It was a summer morning to be on the water on the St. Croix River, with pleasure boats, anglers and the occasional barge drifting past. But it was a morning to be under the water, too, for a group of people committed to the waterway’s lesser-seen inhabitants.
Nearly 30 people were part of an interagency gathering June 29 on a slice of sandy shoreline across from Hudson, Wis., with a sole focus: the livelihood of a native mussel called the winged mapleleaf that is on the federal and state endangered lists.
Thick-shelled and bumpy, mapleleafs were brought up from the floor of the St. Croix by divers from the Minnesota Department of Natural Resources, Minnesota Zoo and other groups again and again over several hours. More than 600 of the mussels were singled out and moved to a makeshift table for data-taking and tagging. Later, a third or so were relocated in the Mississippi River at a pool near Hidden Falls. Some also will go into a stretch of the Chippewa River near Durand, Wis., with the hope of repopulating areas where the mussel is hurting.
The collaborative effort, which includes the Minnesota and Wisconsin DNRs, can be traced to the 1980s when mussel surveys of Minnesota rivers began in earnest. To date, with legislative funding, more than 3,500 sites have been sampled. Even dead, mussels had answers, the remaining hard shells helping researchers reconstruct which species lived in which watersheds and, thus, target sites for reintroduction. In Minnesota, 27 of the 48 remaining species are endangered or threatened.
Threats to the health and vitality of the state’s mussels proved broader than pollution and dredging. Zebra mussels began showing up in the 1990s and attaching to and killing natives such as the Higgins eye mussel — also endangered — in the Mississippi River below Lake Pepin and in the lake. It was a critical moment that launched the involvement of the U.S. Army Corps of Engineers and the U.S. Fish and Wildlife Service. Knowing it was towboats bringing zebras up and causing them to colonize in the Mississippi River, the Army Corps started a project in 2001 to attempt to propagate the Higgins eye in the safety of the St. Croix. Larvae from female mussels were attached to needed hosts — in this case largemouth bass — and contained in cages, where they spent two to three weeks before falling to live on the river floor. Researchers came back late in the year to find hundreds of Higgins eyes. The effort helped lay the foundation for today’s work on the St. Croix.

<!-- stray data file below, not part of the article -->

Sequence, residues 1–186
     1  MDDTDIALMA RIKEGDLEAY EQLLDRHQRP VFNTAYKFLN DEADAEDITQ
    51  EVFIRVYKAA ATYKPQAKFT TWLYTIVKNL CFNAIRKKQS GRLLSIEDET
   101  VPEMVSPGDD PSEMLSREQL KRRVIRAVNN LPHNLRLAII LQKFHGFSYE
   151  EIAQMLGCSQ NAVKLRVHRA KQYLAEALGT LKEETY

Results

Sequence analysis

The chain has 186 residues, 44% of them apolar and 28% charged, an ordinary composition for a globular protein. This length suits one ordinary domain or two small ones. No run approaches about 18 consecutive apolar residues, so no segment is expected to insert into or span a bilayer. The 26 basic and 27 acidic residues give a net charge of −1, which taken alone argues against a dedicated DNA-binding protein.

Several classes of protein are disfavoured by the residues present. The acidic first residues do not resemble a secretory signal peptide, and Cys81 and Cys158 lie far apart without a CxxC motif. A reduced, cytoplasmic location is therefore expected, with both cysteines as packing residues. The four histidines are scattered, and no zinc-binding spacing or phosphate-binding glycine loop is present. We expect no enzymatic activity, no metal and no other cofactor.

“That really launched the program, and the effort accelerated over the next 10 years,” said Mike Davis, who specializes in mussel ecology for the Minnesota DNR and is working with the Army Corps, National Park Service and others.
A role for the St. Croix
Overall, more than 40,000 Higgins eye mussels have been relocated at various sites around the Midwest, many of them in the Mississippi River.
What was learned is that St. Croix River is a mussel safe haven of sorts, said Davis, who runs the DNR’s Center for Aquatic Mollusks Program in Lake City, Minn. He has been at the forefront of the DNR’s effort to protect and rebuild the state’s mussel population.
“When we came to the St. Croix we found that it still had all the species living in it,” he said. “So the St. Croix is really our mussel biodiversity hot spot in the Upper Midwest. It has species that are found nowhere else, except in Appalachia or in Arkansas and in the Ozarks.”
Also among the multi-agency gathering along the St. Croix, Army Corps biologist Dan Kelner said the winged mapleleaf project is a natural extension from the successful reintroduction of the Higgins eye.
“We’re very interested to see if we can conserve the species and actually propagate and reintroduce the species into areas within the species’ historic range and away from the threat of zebra mussels,” Kelner said.
The Minnesota Zoo’s involvement on the beach and back in Apple Valley is indicative of the team approach to restoring the mussel population. The zoo was on site to help dive for mussels and currently has multiple species growing in the zoo’s main lake and conservation cabin to a “releasable size,” said Matt McLaughlin, zoo life support systems coordinator. The zoo now has room for 1,000 mussels, and took in several hundred from Lake City in early April, he said.
Rare animals that fly under the radar, mussels are key markers of the health of the region’s waters. They matter.
“I think it’s their function in providing nutrient cycling and food for other critters, habitat for other fish and other animals,” Davis said. “The research that has been done has shown that in a mussel community where there are multiple species living in fairly high numbers that there are a lot more species of other invertebrate life, higher abundance of that life.”
The Cedar River, downstream from Austin, and sites on the Cannon River are among the next in line for reintroducing missing or challenged mussels.
“To me they are the aquatic version of a coral reef,” Davis said. “They provide a lot of life support for other species, and a lot of fishermen will tell you that the best fishing is on the clam beds on the lakes and rivers. It’s a positive feedback loop that we really hope to re-establish around the state.”